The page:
11 stocks Warren Buffett didn't hold forever

Stay with Yahoo Finance for the best ongoing coverage of Warren Buffett and Berkshire Hathaway.

Warren Buffett is famous for saying, “Our favorite holding period is forever.” However, when it comes to managing Berkshire Hathaway’s $153 billion stock portfolio, Buffett and his top money managers aren’t afraid to reverse on a dime and liquidate a stock, should the company cease to meet Buffett’s four investment criteria.*

In the fourth quarter of 2016 alone, Berkshire sold over $4 billion worth of stock, cashing out (or nearly cashing out) of household names like Deere (DE), Verizon (VZ), Kinder Morgan (KMI) and Walmart (WMT), among others.**

Since 2007, Buffett has sold 8 of Berkshire’s top 20 holdings, along with many more names in the interim. Here are some notable stock sales made by the world’s most famous long-term investor.

Walmart: Always low prices (except for their shares)

Berkshire first waded into Walmart in 2005—eventually building its position to 60.4 million shares. But from Q3 2015 to Q4 2016, Buffett sold nearly 98% of the position, leaving only meager gains as the stock appreciated 11% this year. At the Berkshire Annual Shareholders Meeting on May 7, 2017, vice chairman Charlie Munger said, “We blew Walmart … It was a total cinch. We were smart enough to figure that.”

Source: Flickr.com
Source: Flickr.com

Intel no longer inside

Buffett has famously said, “Never invest in a business you cannot understand.” That’s one reason Berkshire famously avoided tech names for decades. But that changed in 2011 with the purchase of IBM (IBM) and Intel (INTC)—paving the way for its recent high-profile Apple (AAPL) accumulation.

Whether or not trillion-transistor circuit boards proved too inscrutable for the scrupulous Buffett, Berkshire nevertheless shed its Intel shares less than a year later, missing out on a 50% appreciation since then.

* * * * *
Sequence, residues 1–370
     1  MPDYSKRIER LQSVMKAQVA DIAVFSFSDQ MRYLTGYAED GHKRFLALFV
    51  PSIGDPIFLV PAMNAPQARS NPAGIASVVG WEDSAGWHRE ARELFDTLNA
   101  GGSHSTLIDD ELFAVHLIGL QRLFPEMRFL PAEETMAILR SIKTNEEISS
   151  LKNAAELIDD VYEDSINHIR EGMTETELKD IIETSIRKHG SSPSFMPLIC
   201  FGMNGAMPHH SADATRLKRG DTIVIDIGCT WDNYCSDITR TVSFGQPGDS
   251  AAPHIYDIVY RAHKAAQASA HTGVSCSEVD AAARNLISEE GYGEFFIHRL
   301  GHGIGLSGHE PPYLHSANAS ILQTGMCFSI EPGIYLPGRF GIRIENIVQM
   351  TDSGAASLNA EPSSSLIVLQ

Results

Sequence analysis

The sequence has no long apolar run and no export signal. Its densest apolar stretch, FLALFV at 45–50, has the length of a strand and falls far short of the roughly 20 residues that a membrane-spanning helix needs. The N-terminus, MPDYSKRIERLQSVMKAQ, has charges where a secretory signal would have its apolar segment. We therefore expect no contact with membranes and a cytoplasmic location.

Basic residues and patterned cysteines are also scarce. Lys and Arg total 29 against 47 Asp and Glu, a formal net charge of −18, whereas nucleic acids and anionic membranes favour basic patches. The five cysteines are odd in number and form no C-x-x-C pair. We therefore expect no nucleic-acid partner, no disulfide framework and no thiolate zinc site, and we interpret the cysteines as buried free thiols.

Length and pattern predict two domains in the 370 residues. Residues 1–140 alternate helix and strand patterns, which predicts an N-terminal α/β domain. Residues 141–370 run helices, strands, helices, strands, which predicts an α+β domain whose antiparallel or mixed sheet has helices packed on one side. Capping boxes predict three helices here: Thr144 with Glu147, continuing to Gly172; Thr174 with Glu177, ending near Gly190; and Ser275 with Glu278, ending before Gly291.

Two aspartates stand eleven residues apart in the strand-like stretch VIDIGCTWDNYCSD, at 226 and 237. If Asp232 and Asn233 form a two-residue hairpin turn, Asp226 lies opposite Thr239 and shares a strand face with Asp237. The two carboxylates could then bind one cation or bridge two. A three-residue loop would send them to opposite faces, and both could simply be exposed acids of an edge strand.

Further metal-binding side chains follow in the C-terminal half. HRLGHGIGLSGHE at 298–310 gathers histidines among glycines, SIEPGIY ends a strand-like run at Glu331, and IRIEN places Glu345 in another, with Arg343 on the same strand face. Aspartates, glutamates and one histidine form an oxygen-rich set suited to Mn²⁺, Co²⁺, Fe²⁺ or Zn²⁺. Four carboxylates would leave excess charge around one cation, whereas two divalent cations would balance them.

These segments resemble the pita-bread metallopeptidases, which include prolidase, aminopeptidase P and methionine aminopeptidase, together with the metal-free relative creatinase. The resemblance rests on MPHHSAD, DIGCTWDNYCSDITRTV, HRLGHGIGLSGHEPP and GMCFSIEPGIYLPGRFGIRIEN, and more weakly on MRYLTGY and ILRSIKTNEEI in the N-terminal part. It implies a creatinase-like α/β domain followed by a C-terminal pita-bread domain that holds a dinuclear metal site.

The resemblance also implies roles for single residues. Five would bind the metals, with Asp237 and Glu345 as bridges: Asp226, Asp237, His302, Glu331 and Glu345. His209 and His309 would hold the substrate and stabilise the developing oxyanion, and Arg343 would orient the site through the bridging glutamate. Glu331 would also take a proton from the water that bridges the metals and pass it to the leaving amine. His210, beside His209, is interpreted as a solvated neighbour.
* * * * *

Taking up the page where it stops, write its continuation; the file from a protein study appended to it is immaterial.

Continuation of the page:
IBM was, until recently, Berkshire’s fourth largest position. But the day before Berkshire’s 2017 Shareholder Meeting, Buffett announced he had sold one third of Berkshire’s position, or 27 million shares. To date, IBM has lost over 25% from its 2013 high, and Buffett’s announcement Friday precipitated a one-day drop of 2.5%.

Oil drum doldrums

While easier to understand, the oil business has had more downs than ups over the decade, suffering not one, but two plunges of more than 75%. Berkshire got caught in both of them vis a vis its substantial holdings of Conoco Philips (COP) and Exxon Mobil (XOM) (flipping the latter twice from 2009 to 2014). Apparently, Buffett no longer saw the “favorable long-term economic characteristics” of the oil and gas business.

Banking on bankers

Wells Fargo has been a Berkshire staple for decades. While the bank didn’t get a mention in Buffett’s last shareholder letter, it got considerable attention at Berkshire’s 2017 Shareholder Meeting. Buffett said Wells Fargo had made three significant mistakes, one of them critical. Nevertheless, Berkshire still holds nearly 473 million shares, making Wells Fargo its second-largest position.